July 6, 2022

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European shares fall after China data added to growth problems

European shares fall after China data added to growth problems

LONDON (Reuters) – European stock indexes opened lower on Monday after oil prices tumbled and riskier currencies took a hit during the Asian session as unexpectedly weak economic data from China highlighted fears of slowing growth.

China’s retail sales in April fell 11.1% year on year, nearly double the fall forecast, as partial COVID-19 lockdowns were imposed in dozens of cities. Industrial output fell 2.9% when analysts were looking at a slight increase. Read more

Investors are concerned that interest rate-pushing inflation will hurt the global economy. These concerns last week saw global stocks reach an 18-month low.

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At 0732 GMT, the MSCI . World Stock Index was released (.MIWD00000PUS.)which measures stocks in 50 countries, was flat on the day, but still above last week’s lows.

The European STOXX 600 Index fell 0.5% (.stoxx) The FTSE 100 in London was down 0.4%. (.FTSE).

“This week’s calendar of events is relatively calm, so markets are more than ever at the mercy of headlines regarding the global growth outlook,” ING price strategists wrote in a note to clients.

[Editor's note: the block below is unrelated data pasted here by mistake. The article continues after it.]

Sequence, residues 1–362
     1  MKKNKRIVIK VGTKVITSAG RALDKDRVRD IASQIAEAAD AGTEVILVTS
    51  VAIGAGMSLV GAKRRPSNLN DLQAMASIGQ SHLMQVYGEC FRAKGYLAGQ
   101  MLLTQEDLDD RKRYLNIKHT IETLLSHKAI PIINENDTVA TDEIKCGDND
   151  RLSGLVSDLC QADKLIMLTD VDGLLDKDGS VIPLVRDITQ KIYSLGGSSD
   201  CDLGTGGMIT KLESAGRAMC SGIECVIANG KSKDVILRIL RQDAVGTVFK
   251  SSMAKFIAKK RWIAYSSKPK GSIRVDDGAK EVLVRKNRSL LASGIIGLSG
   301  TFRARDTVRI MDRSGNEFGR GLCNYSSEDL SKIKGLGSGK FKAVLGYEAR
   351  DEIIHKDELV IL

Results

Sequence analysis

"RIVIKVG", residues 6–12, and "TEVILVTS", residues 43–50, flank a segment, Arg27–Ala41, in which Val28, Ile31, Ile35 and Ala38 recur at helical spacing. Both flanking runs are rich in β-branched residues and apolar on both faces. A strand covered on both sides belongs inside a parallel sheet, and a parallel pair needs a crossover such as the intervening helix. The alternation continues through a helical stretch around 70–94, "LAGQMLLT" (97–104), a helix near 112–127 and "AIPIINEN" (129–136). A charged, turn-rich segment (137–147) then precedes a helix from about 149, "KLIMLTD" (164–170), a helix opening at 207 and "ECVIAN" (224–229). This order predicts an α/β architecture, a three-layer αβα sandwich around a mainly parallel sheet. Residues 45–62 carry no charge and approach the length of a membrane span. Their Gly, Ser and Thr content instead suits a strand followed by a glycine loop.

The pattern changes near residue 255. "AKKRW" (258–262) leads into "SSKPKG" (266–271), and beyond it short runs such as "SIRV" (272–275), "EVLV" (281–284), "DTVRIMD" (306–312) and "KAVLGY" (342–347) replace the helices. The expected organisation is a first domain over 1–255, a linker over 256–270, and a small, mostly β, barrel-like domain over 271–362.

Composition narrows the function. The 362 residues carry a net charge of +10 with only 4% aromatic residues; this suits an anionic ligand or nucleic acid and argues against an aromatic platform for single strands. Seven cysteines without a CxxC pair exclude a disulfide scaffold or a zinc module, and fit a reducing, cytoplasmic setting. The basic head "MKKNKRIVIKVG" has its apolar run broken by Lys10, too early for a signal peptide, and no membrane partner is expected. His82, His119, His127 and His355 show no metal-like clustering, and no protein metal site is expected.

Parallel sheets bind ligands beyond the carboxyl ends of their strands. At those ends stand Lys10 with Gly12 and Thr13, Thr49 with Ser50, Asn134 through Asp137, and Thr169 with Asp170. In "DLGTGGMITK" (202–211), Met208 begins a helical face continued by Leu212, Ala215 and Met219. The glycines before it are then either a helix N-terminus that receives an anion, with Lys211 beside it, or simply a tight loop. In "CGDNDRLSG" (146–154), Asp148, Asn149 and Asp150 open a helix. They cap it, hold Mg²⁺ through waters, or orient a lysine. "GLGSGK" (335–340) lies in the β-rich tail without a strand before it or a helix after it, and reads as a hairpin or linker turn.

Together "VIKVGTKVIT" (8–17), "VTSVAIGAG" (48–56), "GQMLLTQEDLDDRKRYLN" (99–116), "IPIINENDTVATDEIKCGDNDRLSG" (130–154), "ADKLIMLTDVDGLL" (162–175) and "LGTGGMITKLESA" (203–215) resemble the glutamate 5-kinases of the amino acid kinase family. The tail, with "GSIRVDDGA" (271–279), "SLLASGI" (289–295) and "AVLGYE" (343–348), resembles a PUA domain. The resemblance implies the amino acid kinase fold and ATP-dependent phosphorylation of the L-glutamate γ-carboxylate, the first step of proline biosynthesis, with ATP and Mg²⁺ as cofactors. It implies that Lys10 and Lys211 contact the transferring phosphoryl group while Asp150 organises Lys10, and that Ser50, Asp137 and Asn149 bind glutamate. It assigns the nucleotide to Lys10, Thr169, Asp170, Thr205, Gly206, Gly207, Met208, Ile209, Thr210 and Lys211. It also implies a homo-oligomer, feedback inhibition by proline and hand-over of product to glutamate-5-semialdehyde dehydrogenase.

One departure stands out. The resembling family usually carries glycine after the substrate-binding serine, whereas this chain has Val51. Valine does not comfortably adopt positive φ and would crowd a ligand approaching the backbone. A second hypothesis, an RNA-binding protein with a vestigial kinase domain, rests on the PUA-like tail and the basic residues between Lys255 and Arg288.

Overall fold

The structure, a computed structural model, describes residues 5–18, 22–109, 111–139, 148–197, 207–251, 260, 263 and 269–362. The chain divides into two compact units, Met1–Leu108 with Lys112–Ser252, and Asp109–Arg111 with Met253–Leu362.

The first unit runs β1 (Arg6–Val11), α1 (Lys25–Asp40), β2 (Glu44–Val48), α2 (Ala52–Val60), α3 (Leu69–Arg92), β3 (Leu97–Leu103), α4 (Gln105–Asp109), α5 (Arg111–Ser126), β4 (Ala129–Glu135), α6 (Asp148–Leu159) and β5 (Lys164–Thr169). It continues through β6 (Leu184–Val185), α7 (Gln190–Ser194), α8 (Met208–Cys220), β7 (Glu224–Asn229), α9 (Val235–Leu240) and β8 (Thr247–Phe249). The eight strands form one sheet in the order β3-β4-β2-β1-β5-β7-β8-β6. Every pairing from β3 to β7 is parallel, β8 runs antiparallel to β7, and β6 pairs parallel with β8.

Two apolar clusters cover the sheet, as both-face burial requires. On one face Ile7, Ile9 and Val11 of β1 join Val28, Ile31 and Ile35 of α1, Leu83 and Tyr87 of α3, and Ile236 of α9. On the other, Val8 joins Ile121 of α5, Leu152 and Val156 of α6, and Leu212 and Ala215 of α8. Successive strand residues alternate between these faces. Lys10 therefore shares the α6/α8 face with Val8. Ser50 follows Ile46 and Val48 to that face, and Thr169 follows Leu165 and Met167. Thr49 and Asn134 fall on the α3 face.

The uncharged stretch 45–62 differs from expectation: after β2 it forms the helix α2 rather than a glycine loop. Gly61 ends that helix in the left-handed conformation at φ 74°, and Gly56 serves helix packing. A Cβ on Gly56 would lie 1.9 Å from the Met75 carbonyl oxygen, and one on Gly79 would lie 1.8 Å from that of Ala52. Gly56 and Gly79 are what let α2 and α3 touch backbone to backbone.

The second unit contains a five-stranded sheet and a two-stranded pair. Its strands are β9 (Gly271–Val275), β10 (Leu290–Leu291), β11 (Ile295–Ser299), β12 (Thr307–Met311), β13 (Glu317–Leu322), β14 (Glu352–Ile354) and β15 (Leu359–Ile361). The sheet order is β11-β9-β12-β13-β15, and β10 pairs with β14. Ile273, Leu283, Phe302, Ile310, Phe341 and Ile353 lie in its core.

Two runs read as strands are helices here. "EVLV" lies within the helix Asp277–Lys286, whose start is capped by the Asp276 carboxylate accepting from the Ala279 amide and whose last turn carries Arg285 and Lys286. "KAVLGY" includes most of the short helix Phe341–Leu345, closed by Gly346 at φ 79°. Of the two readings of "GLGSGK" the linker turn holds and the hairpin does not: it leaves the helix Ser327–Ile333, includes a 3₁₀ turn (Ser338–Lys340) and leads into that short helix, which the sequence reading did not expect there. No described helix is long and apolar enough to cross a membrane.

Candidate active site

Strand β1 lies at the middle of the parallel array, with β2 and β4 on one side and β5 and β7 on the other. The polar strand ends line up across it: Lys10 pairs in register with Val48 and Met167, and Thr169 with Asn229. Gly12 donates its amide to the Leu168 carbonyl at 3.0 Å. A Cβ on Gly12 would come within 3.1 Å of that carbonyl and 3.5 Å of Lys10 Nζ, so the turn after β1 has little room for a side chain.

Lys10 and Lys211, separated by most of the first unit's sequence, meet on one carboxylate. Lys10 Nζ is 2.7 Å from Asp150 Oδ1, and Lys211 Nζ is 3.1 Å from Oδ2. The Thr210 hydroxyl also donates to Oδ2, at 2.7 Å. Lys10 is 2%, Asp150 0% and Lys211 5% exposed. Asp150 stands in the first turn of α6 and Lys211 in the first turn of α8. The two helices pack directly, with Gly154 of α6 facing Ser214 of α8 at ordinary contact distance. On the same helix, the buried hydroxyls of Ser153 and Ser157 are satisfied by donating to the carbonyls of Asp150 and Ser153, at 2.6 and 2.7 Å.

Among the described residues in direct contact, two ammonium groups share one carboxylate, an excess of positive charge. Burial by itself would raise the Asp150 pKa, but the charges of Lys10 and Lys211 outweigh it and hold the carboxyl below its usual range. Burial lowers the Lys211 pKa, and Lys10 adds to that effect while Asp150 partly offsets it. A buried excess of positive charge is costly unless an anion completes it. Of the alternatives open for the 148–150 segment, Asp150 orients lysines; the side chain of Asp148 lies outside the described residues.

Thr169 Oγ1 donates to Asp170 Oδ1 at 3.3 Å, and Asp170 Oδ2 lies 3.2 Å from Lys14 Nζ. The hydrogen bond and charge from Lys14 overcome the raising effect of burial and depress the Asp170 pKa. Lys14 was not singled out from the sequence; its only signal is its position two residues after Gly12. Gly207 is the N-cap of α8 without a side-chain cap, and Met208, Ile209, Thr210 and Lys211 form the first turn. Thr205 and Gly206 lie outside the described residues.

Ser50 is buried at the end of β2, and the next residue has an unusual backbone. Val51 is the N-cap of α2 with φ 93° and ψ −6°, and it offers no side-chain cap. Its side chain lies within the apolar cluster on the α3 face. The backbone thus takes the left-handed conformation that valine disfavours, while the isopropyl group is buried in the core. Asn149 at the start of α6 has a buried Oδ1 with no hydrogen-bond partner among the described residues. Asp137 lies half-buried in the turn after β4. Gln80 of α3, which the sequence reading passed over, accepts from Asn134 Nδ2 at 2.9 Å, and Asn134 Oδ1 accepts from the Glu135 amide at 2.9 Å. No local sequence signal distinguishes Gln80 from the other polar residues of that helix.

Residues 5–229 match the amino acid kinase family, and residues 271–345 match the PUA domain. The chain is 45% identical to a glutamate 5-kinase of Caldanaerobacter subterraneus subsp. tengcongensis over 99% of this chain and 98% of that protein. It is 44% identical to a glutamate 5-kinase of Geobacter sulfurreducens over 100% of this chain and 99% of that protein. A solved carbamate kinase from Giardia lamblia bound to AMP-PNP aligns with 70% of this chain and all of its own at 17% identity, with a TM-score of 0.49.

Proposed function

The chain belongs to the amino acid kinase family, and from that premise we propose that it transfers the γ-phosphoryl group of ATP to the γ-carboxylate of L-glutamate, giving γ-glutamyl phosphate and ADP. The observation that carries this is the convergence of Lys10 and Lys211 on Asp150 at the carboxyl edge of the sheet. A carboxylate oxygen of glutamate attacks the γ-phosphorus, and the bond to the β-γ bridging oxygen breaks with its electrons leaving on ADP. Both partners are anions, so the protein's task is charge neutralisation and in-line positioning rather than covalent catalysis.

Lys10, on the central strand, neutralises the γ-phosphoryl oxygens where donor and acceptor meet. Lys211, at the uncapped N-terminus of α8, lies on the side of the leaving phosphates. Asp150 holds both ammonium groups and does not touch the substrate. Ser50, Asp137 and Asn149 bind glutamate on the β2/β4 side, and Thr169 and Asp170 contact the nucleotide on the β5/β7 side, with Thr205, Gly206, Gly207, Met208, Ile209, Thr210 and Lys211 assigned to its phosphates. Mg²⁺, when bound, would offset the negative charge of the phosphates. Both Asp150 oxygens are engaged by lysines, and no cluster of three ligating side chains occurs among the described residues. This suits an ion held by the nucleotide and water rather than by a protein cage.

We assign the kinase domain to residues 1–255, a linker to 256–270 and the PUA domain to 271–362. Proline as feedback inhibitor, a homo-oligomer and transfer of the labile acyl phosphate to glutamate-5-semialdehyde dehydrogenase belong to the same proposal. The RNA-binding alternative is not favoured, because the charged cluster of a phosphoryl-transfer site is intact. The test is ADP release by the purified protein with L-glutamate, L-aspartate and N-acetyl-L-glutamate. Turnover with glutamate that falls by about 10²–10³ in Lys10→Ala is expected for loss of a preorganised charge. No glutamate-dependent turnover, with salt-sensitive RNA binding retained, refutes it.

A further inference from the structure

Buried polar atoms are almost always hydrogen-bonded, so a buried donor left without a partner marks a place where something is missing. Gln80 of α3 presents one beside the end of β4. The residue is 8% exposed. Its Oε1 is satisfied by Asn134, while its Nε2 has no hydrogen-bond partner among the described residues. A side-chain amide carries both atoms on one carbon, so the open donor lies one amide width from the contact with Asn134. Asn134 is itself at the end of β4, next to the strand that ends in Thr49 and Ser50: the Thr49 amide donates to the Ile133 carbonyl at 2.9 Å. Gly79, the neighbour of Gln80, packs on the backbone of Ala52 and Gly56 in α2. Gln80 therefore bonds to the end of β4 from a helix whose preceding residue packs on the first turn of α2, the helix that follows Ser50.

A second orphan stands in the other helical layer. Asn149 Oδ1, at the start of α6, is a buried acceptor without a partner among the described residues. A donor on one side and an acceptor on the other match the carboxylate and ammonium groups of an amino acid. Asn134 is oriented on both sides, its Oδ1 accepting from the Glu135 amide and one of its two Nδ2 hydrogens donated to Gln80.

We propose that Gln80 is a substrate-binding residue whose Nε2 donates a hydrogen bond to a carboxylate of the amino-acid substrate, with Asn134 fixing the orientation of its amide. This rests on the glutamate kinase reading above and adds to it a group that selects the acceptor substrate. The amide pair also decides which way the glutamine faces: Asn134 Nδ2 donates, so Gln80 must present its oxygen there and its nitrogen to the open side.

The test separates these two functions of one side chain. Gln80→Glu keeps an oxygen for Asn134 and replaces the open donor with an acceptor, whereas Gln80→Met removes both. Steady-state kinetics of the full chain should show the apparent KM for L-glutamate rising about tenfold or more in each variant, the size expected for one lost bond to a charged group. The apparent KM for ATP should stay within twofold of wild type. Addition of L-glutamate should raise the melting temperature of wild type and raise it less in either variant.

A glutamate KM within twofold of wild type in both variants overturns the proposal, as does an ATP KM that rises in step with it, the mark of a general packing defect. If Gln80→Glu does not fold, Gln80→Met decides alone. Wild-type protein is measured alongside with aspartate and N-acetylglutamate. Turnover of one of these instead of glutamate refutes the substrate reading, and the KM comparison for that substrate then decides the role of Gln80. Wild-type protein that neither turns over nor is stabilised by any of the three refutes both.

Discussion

“Despite the already bleak risk sentiment, we believe investors have demonstrated that their focus is increasingly on downside risks.”

European government bond yields were slightly higher, with Germany’s 10-year bond yield up 3 basis points at around 0.974% – below an eight-year high of 1.19% reached last Monday.

The European Central Bank at its next meeting is likely to decide to end its stimulus program in July, and raise interest rates “very soon” after that, ECB policymaker Pablo Hernandez de Cos said on Saturday. Read more

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safe havens

ING analysts said economic growth concerns could allow government bonds to act as a safe haven.

“It will take a lot of optimism for the 10-year Treasury and the Bund to test 3% and 1% to the upside in our view,” they said.

At 0741 GMT, the 10-year yield in the US was 2.9221%.

The dollar index, which climbed last week to a 20-year high of 105.01, is down less than 0.1% on the day at 104.47. Riskier currencies, such as the Australian dollar and the British pound, fell.

The euro is nearing its lowest levels since 2017. Francois Villeroy de Gallo, policy maker at the European Central Bank, said a weaker euro could threaten the central bank’s efforts to steer inflation toward its target. Read more

UK labor market data is due on Tuesday and UK inflation data is due on Wednesday.

Rising inflation and higher interest rates knocked US consumer confidence to an 11-year low in early May and raised the risks for April retail sales scheduled for Tuesday. Read more

Oil prices fell as investors took profits from the recovery in the previous session. Read more

Brent crude futures fell 1.2 percent to $110.26 a barrel at 0755 GMT, while US West Texas Intermediate (WTI) crude futures fell 0.8 percent, as low as $109.59 a barrel.

Bitcoin was trading around $29.532. It fell last week to $2,5401.05 – its lowest level since December 2020. Already hurt by a drop in risk appetite, the cryptocurrency sold off last week when the popular stablecoin TerraUSD collapsed and lost its dollar peg.

(Reporting by Elizabeth Hawcroft) Editing by Ed Osmond

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